The Law School continues to adapt its curriculum to the challenges facing the legal profession, with a particular focus on making graduates practice-ready from day one. Caminker predicted that West, with whom he has worked closely, would do a superb job at taking the school forward.
“Mark West will be an outstanding new dean for the Law School. I’m confident he has the leadership skills and vision necessary to maintain and enhance the school’s greatness and reputation in the years ahead,” Caminker said.
West earned his Juris Doctorate degree from Columbia University School of Law, where he was Notes and Comments Editor of the Columbia Law Review, and his Bachelor of Arts degree from Rhodes College. Prior to West’s career in academia, he practiced in the firm Paul, Weiss, Rifkind, Wharton & Garrison LLP in New York and Tokyo. He also clerked for the Hon. Eugene H. Nickerson of the U.S. District Court for the Eastern District of New York.
In the past decade, West has authored or coauthored five books, including “Law in Everyday Japan” and the casebook “The Japanese Legal System.” In books and articles, he has explored such diverse topics as shareholder derivative suits, the evolution of corporate law, the education and career development of Japanese lawyers, and the ways in which Japanese court opinions frame love, sex and marriage. In addition to teaching Japanese Law, he regularly teaches Criminal Law to first-year students. He also teaches Enterprise Organization, a course that draws on his background as a transactional lawyer.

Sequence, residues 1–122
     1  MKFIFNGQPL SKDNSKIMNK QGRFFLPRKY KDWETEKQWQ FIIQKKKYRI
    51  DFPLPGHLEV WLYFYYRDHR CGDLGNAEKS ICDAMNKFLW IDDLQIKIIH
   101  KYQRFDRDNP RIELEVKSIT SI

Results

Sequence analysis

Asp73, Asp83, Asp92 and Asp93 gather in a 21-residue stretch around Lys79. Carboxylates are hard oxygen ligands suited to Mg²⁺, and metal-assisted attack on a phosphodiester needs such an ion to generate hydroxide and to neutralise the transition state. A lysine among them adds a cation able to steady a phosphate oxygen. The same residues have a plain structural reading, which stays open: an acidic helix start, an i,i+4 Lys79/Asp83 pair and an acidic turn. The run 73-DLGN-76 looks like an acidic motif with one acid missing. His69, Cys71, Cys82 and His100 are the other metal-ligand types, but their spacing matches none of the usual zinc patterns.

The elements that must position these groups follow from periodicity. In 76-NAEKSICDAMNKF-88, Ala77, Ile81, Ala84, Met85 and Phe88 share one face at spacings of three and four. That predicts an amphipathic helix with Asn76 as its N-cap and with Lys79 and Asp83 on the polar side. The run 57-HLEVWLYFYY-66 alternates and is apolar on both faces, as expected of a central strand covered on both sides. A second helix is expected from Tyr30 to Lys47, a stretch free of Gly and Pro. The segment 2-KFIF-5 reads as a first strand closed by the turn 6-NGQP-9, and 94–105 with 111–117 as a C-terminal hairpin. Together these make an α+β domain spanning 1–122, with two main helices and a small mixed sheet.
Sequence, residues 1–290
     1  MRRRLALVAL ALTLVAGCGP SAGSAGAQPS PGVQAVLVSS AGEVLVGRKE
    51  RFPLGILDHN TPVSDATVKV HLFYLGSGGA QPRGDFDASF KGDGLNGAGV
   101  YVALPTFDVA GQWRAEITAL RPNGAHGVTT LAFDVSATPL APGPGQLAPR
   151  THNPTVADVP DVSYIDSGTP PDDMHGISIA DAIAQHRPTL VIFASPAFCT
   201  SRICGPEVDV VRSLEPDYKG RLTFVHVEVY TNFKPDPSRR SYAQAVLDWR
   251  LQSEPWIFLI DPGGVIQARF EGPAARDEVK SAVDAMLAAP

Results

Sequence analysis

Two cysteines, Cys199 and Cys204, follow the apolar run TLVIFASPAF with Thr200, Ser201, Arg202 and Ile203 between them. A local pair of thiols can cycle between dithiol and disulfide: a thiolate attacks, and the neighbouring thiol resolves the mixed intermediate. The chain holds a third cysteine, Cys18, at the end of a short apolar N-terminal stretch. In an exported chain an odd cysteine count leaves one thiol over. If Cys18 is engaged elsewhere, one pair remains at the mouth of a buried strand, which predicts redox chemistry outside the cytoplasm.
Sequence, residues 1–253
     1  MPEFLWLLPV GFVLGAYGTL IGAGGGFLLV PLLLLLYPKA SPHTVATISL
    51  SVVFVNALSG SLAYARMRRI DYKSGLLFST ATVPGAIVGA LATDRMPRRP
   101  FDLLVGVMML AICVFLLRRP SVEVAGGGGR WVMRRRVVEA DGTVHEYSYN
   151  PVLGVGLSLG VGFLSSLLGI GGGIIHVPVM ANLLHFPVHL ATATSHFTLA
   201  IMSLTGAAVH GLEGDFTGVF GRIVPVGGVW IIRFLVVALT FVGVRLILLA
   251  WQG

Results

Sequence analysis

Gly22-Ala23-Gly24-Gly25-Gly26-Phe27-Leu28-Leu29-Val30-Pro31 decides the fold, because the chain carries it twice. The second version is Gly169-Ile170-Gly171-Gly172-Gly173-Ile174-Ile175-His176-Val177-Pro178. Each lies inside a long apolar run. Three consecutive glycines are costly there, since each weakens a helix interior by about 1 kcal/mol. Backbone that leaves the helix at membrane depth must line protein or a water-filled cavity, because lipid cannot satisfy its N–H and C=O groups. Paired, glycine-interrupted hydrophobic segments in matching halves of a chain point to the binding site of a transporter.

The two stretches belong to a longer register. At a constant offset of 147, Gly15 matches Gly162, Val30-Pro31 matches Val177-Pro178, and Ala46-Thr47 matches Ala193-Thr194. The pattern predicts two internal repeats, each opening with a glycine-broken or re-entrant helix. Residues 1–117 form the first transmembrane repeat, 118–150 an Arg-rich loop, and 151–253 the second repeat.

West has organized major conferences, presented research widely around the world, and has been a consultant to the World Bank and to various government offices in the U.S. and Japan. He has been an Abe Fellow at the University of Tokyo Faculty of Law, and has studied and taught at Kyoto University, where he was a Fulbright Scholar and Fellow of the Japan Society for the Promotion of Science. From 2003-08 he was director of the U-M Center for Japanese Studies, and from 2003-07 was director of the Law School’s Center for International and Comparative Law.
Colleagues say West’s range of experiences as a scholar and administrator will serve him and the school well.
“I am delighted that Mark West will be the next dean of the Law School. He is a first-rate scholar, widely acclaimed for his creative, interdisciplinary and comparative scholarship, and an accomplished administrator with energy, enthusiasm, and a comprehensive and far-reaching vision for the future of our school,” said Ellen Katz, professor of law, who chaired the search committee for the new dean.
“Based on his deep knowledge of this institution, he will be able to join with students, faculty, staff and the university community to build most effectively on the strong position achieved through Evan’s dedicated leadership.”
Natalie Condon, videographer for the Development, Marketing and Communications office at LSA, on her job: “Every project is different, and with each we get to meet a lot of cool people doing amazing things on campus.”
“The Music Lesson” by Caspar Netscher, U-M Museum of Art new acquisition, first floor connector near the museum’s historic wing.